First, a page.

Listen To the Hand

Whether you were taught to fold your hands on your lap, hold your hands behind your back, or shove them in your pockets, you won’t be able to avoid the fact that your hands are communicating all the time. After many years of debate, researchers have finally agreed with ancient wisdom: gestures precede words. Although we can’t travel back to early humans and how they communicated, we can surmise from this that gesture has been a key ingredient in conversation for millions of years.
Most people think that we gesture in order to help clarify our ideas to others. But we’re really gesturing in order to clarify our ideas to ourselves. The movement of your hands are like a feedback device to your brain. We’ve all heard the cliché, “Actions speak louder than words.” Your gestures often reveal the truth behind your carefully chosen words.
In the early nineteenth century, a man named Francois Delsarte was the premier body language expert of his time. He developed a system for studying the whole body and how it communicates. Long before modern science, Delsarte stated that the hands were connected to the thoughts. “Gestures are the lightning, words are the thunder,” he once said. Besides identifying parts of the hand associated with our mental, emotional and physical processes, Delsarte broke our gesture language into nine functions:

1) To define or indicate – e.g. pointing.
2) To affirm or deny –hand moving up and down, or sideways
3) To mold or detect – fingers softly coming apart and together
4) To conceal or reveal – closing and opening fist
5) To surrender or hold – open palm or cupped palm
6) To accept or reject – palm beckons or palm pushes away
7) To inquire or acquire – hand reaches or pulls inward
8) To support or protect – palm up or covering
9) To caress or attack – to stroke or slap

You can experience the difference in how a gesture affects the quality of your words by saying a simple sentence: “I have no idea.” If your palm pushes away, you are rejecting the whole concept. Try it with closed fists, and you can feel how it’s as if you’re holding something back. Reach your hand out to someone and you’re begging for the answer. These are just a few ways to amplify the words. Of course, hand gestures are a small part of your body’s story.
Play around with the following sentences and see how changing your hands affects the words. Pay attention to what the rest of your body chooses to do as you gesture.
“You can count on me.”
“I can count on you.”
“I really like that idea.”
“Have you considered another alternative?”
“I am definitely qualified for the job.”
There is a Greek saying that “language was invented so that men could lie.” But it takes mastery to control one’s gestures. You can begin today with some simple things to remember while in conversation.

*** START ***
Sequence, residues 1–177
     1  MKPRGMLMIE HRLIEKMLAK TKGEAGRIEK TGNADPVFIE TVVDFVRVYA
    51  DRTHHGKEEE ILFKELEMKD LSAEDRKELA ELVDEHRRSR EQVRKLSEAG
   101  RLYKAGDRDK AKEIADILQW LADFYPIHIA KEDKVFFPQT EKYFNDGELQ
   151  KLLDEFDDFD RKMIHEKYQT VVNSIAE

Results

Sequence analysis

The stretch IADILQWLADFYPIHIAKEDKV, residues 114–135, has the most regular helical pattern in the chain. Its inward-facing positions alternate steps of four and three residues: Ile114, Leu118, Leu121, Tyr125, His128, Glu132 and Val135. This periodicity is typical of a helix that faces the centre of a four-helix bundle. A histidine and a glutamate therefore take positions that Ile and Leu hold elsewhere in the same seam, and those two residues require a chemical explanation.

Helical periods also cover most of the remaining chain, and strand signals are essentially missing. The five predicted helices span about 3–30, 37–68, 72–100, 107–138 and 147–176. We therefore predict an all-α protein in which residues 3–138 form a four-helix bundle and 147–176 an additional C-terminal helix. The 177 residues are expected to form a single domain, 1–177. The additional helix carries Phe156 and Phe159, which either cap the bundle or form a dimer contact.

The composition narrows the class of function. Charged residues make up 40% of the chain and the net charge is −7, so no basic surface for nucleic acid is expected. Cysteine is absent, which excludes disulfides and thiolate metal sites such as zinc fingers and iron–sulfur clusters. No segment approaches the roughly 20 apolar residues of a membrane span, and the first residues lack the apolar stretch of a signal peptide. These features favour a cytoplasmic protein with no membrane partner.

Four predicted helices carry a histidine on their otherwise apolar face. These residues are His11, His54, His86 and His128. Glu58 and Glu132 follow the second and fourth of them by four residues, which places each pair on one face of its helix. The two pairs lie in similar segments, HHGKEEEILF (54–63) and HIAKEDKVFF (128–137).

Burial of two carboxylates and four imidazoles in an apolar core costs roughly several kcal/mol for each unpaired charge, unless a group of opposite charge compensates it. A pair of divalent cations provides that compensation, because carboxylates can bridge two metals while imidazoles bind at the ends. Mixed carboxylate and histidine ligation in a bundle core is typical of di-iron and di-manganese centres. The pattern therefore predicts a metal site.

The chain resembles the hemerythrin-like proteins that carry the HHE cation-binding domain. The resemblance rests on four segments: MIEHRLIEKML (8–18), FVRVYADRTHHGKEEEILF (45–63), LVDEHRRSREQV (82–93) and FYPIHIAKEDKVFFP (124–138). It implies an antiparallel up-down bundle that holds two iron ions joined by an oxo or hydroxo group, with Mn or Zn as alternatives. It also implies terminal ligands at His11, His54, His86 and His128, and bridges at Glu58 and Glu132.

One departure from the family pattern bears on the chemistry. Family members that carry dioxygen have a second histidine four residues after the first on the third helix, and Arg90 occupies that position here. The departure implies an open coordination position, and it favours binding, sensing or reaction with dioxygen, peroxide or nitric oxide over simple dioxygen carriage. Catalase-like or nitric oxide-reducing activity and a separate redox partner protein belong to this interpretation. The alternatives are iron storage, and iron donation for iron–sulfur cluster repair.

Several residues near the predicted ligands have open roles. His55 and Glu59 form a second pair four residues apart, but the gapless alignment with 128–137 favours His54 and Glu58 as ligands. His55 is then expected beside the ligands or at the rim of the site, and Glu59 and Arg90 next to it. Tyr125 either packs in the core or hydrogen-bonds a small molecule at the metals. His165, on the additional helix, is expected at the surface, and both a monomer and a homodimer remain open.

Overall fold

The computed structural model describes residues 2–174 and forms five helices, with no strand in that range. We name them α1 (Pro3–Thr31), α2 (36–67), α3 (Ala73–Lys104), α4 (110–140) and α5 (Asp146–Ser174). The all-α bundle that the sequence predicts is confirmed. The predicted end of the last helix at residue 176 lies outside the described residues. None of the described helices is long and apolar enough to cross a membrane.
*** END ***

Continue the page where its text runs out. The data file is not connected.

1) If you want someone to trust or like you, don’t put your hands in your pockets. It means you’re literally “hiding your thoughts.” In television, they call hands in pockets “the kiss of death” for a TV guest.
2) While folding your arms across your chest does not, as is commonly believed, always mean you are “closed”, it is a protective gesture. You may be feeling insecure, or want to keep your thoughts to yourself, literally. It can affect your easy breathing (more on that in a later article). It limits your gestures, making people feel you are holding back. Just try to check in with yourself when you catch yourself folding your arms in a conversation.
3) When in doubt, as weird as it feels, allow your arms to rest by your sides. That neutral space gives people permission to speak to you.

4) As your mother said, avoid pointing, unless you’re trying to direct people’s attention to something. Pointing at someone always feels like an attack or an accusation.
5) Be aware of clenching your fists. Even though it seems like a small gesture, it betrays and actually causes tension as well as again, giving the impression of hiding something.
My book, Walking Your Talk: Changing Your Life Through the Magic of Body Language, contains many more exercises that can help you understand your gestures.

Author's Bio: 

Lavinia has authored several books and CD programs. He book, What Are You Afraid Of? A Body/Mind Guide to Courageous Living has been published in six languages. She teaches the Feldenkrais Method and The Creative Body in NC, where she is the director of Asheville Movement Center. Lavinia conducts workshops internationally and works with many organizations on body/mind and communication topics.